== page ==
Tornado Project

Items

Tag community
Advanced search
  • Community Art Mural

    Due to pandemic restrictions Trapdoor London Escape Rooms was required to temporarily close. Like many downtown businesses we boarded up the front of our building for security purposes. This created a large blank 'canvas' and we wanted to bring some colour & cheer to the streetscape. We noticed many Londoners were decorating their houses with messages of support and community spirit. We decided to manufacture wooden puzzle piece panels in our workshop and offer them (for free) to anyone interested in participating in a large mural project. We posted on our social media sites and the response was fantastic! Over 180 puzzle pieces were created by artists, children, community members and groups. We kept the process 'contactless' by delivering the panel pieces to front porches and collecting the finished artwork one week later using the same method. We provided little artistic guidance for the pieces but suggested participants consider something uplifting or to depict something important to them. The assembled mural therefore reflects many diverse ideas and themes. We also received notes of thanks indicating this project provided a welcome distraction to those in quarantine and helped to relieve some boredom. The mural received local press coverage on CTV news and the London Free Press. Once we re-open we intend to display a number of the panel pieces inside our building.
  • Staying Connected Between Two Cultures

    The video is made to portray my community partner’s experience of migrating from Colombia to Canada. (as stated in the subject) It portrays how she had to learn to adapt to a completely different and new culture, and what she has done to stay connected with both her heritage in Colombia and new life in Canada. It shows how she overcame obstacles to build a new life and the things that helped her stay focused and feel a part of Canadian culture. It discusses the Colombian community here in London, Ontario and her work as an Army reserve for Canada. This video’s goal was to analyze her completely different lives and views of both cultures, and see what she did in order create her own identity. She also compares aspects of the two countries and what she finds most important to herself.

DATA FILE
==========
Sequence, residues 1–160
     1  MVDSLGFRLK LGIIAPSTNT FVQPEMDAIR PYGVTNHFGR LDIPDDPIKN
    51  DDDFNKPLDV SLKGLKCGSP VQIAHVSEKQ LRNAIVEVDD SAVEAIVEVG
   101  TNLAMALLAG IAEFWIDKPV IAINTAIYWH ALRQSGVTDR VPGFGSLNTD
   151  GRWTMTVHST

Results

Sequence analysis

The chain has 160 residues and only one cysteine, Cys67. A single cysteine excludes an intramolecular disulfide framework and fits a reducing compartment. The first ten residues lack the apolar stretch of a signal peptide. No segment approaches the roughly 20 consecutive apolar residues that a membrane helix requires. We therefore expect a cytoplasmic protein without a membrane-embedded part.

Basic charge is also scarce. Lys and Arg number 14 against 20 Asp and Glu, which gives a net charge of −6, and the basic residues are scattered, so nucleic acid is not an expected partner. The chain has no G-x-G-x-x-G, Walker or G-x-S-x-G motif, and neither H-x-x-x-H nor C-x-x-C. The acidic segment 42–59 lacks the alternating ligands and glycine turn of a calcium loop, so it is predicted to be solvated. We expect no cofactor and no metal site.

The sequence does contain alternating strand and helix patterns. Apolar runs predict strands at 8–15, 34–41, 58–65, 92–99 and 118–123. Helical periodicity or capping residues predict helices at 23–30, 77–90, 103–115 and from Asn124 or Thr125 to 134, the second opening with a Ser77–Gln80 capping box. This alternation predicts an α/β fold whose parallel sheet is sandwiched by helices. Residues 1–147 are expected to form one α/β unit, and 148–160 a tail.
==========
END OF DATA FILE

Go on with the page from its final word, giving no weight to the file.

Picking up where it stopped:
• I Am Not Just "The Girl From Bolivia": An International Student’s Experiences of Community in Bolivia and London

    This portrait delves into Maya Fernandez's story of being known as “the girl from Bolivia." The portrait illustrates Maya’s feelings towards this phrase and how her experiences “as an outsider” have impacted her experiences in the London community. Maya is a second year MIT international student at Western University who explores the certain interactions that she has faced. She then compares how relationships are developed in both Bolivia and London. She explains the social inequalities that she has observed, the stereotypes of being from another country, and what it’s like to be “an outsider" in London, Ontario. Overall, this portrait thoroughly describes Maya for the complex and unique being that she is, rather than just as “the girl from Bolivia.”
  • Small Country, Big Celebrations: The Role of Salvadoran Celebrations in Cultivating Identity and Belonging

    In this video, Claudia calls attention to a part of her culture that is often overlooked. In contrast to holidays celebrated in Canada, national celebrations in El Salvador take place out on the streets and bring together an entire community. She considers the major role that climate and religion play in building a sense of community in El Salvador. Drawing on childhood memories, she describes celebrations such as Virgen de Guadalupe, Día de la Cruz, and Semana Santa, which are all rooted in a shared religion. In addition, she reflects on the unifying power of street celebrations, and how they function to gather people of different backgrounds in a common place. In the conclusion, Claudia provides her definition of community which is influenced by her experiences with celebrations and traditions. Her definition further encompasses what it means to be a part of a community in a new country.
  • Cultural Connections: A Colombian's Journey to London

    In this video, we follow Alberto Alvarez as he journeys from Colombia to London. We will delve into his experience with being a new immigrant in Canada while also trying to understand what it is like to become part of a new culture/new community. Alberto then explains the process of reconnecting with his Colombian roots through the London community. Further, this project will seek to understand how culture and identity intertwine to create a distinct cultural identity that differs depending on who you are around at a specific point. Community Connections brings together music, image, and video to tell the story of a determined young man who grapples with his identity to become the bicultural community member he is today.
  • Aldo at the Marconi Club: A Portrait of Italian-Canadian Identity in London

    This portrait is based around Aldo, an Italian-Canadian member of the London community. Aldo visits the Marconi Club, an enduring and popular meeting place and events hall for Italians in London. We follow Aldo through different parts of the building, and learn a little about the club’s activities and how the Club has been important to Aldo in his life. Aldo then answers questions about his childhood, his Italian-Canadian identity, and his desire to maintain his Italian language proficiency.